I’ve been wondering whether we ought to come up with a new word for “retail.” The concept of nail technicians selling products to their customers for use at home hasn’t really taken hold and hasn’t paid off for nail technicians the way the industry had hoped. Most people tend to believe the reason retail isn’t bigger in nail salons is because nail techs don’t/won’t/can’t sell. Others believe that because most nail techs are booth renters, it’s difficult to stock and display a decent array of products, a necessity to entice customers. I’m wondering whether calling “retail” something different might help nail techs and salon owners overcome whatever obstacle is preventing them from profiting from retail sales, which could be a source of at least 20% of their income.
What if, instead of calling things like cuticle oils and nail strengtheners “retail products” and suggesting that you “retail them,” we call them “take-home products” that you “recommend”? Is that more palatable? If you think of non-service products as “take-home” – truly products that support the salon service while the customer is at home – do you think you’d be more inclined to recommend them to your clients? If you didn’t feel like you were selling, would you be less reluctant?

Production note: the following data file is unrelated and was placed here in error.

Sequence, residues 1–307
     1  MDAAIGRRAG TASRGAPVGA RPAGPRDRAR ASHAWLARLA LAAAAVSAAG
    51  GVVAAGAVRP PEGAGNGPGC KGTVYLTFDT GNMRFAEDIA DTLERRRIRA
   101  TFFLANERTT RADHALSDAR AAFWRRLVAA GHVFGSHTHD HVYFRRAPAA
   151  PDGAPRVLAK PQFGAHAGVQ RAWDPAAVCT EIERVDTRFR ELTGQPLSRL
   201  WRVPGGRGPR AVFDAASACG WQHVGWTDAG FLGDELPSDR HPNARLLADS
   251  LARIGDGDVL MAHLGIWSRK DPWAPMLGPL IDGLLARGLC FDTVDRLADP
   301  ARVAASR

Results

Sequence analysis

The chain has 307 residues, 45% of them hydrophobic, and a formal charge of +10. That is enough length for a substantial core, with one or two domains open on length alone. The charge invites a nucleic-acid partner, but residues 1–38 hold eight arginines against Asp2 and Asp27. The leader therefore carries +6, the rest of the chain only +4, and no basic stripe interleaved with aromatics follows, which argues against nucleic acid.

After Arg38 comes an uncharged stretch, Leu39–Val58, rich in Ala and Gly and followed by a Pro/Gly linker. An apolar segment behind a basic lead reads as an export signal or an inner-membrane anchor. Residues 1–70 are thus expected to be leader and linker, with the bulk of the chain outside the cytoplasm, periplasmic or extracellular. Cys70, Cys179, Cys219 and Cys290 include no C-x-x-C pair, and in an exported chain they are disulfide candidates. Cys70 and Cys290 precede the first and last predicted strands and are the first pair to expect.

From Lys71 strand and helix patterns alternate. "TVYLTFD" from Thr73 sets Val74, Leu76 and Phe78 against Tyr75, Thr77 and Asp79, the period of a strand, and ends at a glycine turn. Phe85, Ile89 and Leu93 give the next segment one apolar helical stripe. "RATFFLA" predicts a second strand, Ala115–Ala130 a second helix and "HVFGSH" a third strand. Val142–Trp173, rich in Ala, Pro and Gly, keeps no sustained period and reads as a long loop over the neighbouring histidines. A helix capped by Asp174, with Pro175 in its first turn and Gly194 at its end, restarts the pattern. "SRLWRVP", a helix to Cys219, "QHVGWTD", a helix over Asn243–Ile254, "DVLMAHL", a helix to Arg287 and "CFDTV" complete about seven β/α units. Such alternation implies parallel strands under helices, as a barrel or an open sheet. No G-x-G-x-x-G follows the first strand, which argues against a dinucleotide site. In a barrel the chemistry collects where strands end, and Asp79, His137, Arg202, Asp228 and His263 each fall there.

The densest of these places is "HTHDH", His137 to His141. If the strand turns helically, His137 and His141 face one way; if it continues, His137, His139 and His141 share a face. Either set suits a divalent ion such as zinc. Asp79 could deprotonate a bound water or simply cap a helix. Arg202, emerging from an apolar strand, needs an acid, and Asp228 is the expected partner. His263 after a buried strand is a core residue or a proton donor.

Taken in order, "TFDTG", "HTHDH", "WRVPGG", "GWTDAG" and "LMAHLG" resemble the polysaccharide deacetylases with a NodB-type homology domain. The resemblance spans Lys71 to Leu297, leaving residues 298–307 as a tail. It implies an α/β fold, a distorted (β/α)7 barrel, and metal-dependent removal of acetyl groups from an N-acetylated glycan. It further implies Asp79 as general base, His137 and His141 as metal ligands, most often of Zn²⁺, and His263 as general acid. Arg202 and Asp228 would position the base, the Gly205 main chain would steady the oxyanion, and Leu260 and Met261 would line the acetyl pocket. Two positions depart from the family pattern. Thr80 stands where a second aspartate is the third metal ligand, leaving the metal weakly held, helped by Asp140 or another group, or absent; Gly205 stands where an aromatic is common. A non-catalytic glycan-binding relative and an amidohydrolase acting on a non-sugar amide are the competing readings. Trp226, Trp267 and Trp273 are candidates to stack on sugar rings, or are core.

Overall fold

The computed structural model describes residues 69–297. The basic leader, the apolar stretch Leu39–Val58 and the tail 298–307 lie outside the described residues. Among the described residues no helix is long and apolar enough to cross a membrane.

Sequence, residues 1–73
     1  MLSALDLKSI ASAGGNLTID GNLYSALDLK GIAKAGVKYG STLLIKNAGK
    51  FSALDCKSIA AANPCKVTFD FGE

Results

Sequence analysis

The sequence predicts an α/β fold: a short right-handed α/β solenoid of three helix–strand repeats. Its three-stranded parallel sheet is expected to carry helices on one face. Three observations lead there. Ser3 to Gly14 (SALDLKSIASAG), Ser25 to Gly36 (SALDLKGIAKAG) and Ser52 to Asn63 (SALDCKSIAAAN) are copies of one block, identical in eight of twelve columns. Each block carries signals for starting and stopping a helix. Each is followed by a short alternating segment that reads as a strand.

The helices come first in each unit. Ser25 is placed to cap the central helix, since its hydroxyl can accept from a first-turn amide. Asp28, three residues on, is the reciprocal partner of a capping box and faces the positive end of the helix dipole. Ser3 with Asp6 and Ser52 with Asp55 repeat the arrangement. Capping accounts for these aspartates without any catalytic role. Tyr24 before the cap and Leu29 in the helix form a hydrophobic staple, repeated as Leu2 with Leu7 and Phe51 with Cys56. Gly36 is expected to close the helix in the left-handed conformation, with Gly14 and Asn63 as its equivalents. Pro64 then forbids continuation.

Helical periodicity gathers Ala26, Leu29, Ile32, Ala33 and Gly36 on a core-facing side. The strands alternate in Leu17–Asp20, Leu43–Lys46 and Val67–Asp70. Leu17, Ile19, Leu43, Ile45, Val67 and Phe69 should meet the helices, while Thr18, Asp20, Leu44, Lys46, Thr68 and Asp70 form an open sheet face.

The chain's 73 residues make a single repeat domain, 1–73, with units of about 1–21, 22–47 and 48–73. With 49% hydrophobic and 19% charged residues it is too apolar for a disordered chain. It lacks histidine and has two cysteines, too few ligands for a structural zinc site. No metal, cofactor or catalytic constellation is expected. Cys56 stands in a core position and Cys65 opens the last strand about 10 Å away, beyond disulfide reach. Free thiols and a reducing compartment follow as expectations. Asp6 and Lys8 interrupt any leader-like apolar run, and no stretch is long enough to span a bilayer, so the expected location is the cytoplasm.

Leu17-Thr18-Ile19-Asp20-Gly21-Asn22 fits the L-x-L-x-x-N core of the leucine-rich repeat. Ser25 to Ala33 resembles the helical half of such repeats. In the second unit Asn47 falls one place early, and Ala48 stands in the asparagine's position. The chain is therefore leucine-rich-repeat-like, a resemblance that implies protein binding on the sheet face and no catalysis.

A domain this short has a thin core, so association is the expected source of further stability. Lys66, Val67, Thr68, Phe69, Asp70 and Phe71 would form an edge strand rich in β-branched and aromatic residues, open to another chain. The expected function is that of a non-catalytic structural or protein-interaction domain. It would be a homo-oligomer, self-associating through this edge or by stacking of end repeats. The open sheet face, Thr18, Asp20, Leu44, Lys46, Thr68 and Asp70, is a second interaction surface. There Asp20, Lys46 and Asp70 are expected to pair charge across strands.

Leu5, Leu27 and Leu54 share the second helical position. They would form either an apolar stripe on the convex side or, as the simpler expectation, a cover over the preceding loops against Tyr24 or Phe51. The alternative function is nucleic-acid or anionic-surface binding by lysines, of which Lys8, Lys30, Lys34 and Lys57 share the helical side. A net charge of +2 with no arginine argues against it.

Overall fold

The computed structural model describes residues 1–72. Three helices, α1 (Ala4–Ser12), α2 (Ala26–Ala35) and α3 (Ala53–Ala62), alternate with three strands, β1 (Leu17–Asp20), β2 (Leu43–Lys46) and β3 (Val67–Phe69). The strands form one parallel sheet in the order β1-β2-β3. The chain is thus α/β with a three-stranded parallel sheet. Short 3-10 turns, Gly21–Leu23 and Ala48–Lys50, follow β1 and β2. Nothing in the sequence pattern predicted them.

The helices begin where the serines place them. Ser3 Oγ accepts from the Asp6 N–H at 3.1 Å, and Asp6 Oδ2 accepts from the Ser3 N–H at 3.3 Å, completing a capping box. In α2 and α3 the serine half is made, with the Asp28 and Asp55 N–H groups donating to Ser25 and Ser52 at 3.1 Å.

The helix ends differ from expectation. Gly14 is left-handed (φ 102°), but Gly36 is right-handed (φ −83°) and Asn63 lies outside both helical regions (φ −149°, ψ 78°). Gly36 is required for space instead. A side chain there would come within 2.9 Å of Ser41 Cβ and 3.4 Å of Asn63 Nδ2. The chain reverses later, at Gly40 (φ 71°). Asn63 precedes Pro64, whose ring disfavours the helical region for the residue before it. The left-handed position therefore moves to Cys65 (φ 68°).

How about this; Instead of retail or take-home, what about saying you offer “service-extension products”? That implies that using these products extends the salon service, right? Or “professionally recommended home-care products”? “Manicure-protection products”? “Hand care maintenance kits”? I’m not trying to come up with clever euphemisms; I’m trying to get you to look at an old concept in a new light. Sometimes that’s all it takes to shift old perceptions. Maybe if you look at things differently so will your clients.
Instead of “selling” products, what if you “suggest” or “advise”? What if you tell a client that you guarantee your work or you guarantee results only if she follows your recommended “home care regimen”?
With the proliferation of take-home products – heavenly scented body butters, cutely packaged cuticle oils, strengtheners for any nail type – you have to think it would be easier than ever to get clients interested in these products. It seems that the manufacturers are doing their part in getting you great products, efficient displays, and marketing materials. Retailing products, er, recommending take-home products, is a direct path to increasing your income. I strongly recommend/urge/implore you to think about it in new terms